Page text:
Not just anybody can meet the man of their dreams, but there he will be in a just a few minutes, a few mere steps away from me—like, ten tops—and will probably be mobbed by a bunch of other girls. Not just any girls, either, but fangirls—just like me.
I fidget in my place waiting in line, a whole bunch of people away from him, and my heart starts doing the whole song and dance of trying to trick me into thinking I’ve just sprinted up a flight of stairs for some kind of actual emergency, instead of waiting in line, fidgeting from foot to foot.
The expanse of the convention hall has me looking around, surrounded by people—some dressed in elaborate cosplay of characters I don’t know, some I do, conversations going on around me, a geek symphony, bringing it all home that I’m here. I made it here to see him, and this is all I’ve ever wanted.
And yeah, it sucks going it alone because I’ve basically said goodbye to my best friends, Maddie and Raleigh, the two of them going off to do their own thing in different parts of the world, and they couldn’t come with me.
Nope, Raleigh’s in Seoul, getting ready for the school year, and Maddie’s playing exhibition games for the Women’s Prime League in London, ready to shoot off to superstardom.
Not that they totally get or understand my undying devotion to my favourite show and its characters, and while it has bummed me out for most of the day that I’m all by my lonesome, excitement has taken over.
I’m here at the world’s biggest comic-con, minutes away from getting to take a photo with the fictional love of my life, Chrisander Gage, otherwise known to the real world and his fans as the actor Ayden Stone.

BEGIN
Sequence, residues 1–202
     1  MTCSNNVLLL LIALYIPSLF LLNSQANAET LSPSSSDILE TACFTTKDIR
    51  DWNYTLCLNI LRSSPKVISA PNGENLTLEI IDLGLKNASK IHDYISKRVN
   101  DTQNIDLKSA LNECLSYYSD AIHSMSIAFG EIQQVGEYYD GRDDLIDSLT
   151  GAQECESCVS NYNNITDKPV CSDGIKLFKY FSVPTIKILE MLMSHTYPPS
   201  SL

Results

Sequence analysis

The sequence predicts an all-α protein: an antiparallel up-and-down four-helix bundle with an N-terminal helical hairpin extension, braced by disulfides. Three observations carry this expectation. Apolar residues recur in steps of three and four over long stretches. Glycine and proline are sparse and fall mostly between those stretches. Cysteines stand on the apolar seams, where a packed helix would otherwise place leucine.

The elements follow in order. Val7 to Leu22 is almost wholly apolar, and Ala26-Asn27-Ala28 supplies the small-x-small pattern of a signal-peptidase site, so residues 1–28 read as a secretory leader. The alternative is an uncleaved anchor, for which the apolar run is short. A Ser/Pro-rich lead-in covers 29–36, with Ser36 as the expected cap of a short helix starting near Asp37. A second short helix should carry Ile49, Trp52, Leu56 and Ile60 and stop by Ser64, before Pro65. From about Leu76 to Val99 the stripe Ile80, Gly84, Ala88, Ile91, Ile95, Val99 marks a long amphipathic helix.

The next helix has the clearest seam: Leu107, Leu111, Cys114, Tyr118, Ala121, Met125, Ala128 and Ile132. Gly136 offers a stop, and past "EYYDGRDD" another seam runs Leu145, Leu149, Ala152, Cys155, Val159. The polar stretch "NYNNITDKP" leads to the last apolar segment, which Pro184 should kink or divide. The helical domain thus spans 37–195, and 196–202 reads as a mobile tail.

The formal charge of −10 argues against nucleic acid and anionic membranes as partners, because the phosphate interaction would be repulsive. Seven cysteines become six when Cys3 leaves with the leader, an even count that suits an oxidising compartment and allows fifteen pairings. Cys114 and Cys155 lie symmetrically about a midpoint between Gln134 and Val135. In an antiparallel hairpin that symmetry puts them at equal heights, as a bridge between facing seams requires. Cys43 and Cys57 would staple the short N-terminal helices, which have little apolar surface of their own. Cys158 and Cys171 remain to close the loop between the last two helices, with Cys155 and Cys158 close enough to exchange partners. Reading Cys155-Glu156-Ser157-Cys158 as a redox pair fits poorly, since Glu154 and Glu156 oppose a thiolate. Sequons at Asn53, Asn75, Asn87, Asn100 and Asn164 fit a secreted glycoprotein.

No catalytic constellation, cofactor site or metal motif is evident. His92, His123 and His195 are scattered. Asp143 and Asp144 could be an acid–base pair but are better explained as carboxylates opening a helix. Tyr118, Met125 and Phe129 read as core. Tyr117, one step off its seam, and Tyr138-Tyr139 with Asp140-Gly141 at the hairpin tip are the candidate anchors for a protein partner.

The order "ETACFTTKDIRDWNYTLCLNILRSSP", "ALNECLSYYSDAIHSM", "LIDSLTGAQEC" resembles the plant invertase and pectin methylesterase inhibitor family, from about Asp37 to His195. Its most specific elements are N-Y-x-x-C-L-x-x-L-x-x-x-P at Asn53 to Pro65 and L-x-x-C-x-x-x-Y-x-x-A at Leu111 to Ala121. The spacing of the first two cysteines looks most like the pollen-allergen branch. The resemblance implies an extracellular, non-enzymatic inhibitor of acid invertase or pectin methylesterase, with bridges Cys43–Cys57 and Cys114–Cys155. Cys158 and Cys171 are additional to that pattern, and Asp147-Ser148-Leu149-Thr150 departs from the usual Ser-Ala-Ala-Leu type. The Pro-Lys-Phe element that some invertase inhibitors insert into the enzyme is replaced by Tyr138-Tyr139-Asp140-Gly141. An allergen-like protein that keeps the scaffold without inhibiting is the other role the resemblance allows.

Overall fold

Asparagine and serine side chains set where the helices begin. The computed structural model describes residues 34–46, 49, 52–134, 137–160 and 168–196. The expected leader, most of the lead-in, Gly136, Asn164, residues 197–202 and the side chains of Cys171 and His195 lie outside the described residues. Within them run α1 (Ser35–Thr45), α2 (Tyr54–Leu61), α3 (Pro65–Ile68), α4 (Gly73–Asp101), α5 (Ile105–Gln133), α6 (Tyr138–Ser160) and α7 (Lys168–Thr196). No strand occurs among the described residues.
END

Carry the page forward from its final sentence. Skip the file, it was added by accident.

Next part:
I shift my weight from side to side, rocking from hip to hip in a weird kind of dance, my heart tripping up, and I think I have that crazed kind of smile on my face that just sort of happens right before I get really excited about all the things about my favourite show, Leviathan, and one of its leading men. I’m smiling so much my cheeks are hurting, and there’s a serious danger of my face getting stuck that way.
Here in line, waiting and waiting, I can ignore the hunger pangs and hope against hope that we start moving soon and actually get to taking the pictures we all signed up and paid for—I don’t want to be furiously hungry when I meet the fictional love of my life. I need to focus, to pay attention since I’m only going to have his time and attention for nothing more than a fleeting moment, and I have to make it count so that it can be forever memorialized in the form of an actual print photo.
I fish into my purse for the seventh time to get my compact out and make sure that a zit hasn’t sprouted in the five minutes since I checked my face last, but there’s nothing I can do about the excited look in my eyes, the flush to my cheeks.
Excited yells snake down the line, a game of broken telephone between strangers as the message comes across—he’s here and we’re going to start as soon as we can.
Excitement grows and expands in my chest, fluttering up to my throat, and I struggle in putting my compact away, my movements all jittery. I force myself to take a deep, deep breath through my nose, ignoring the mammoth butterflies that have made their home in my stomach, reminding me that I am here, and he is just going to be right over there, and I’m finally going to get to meet him, stand next to him, maybe even hold his hand in a handshake and take a picture—finally.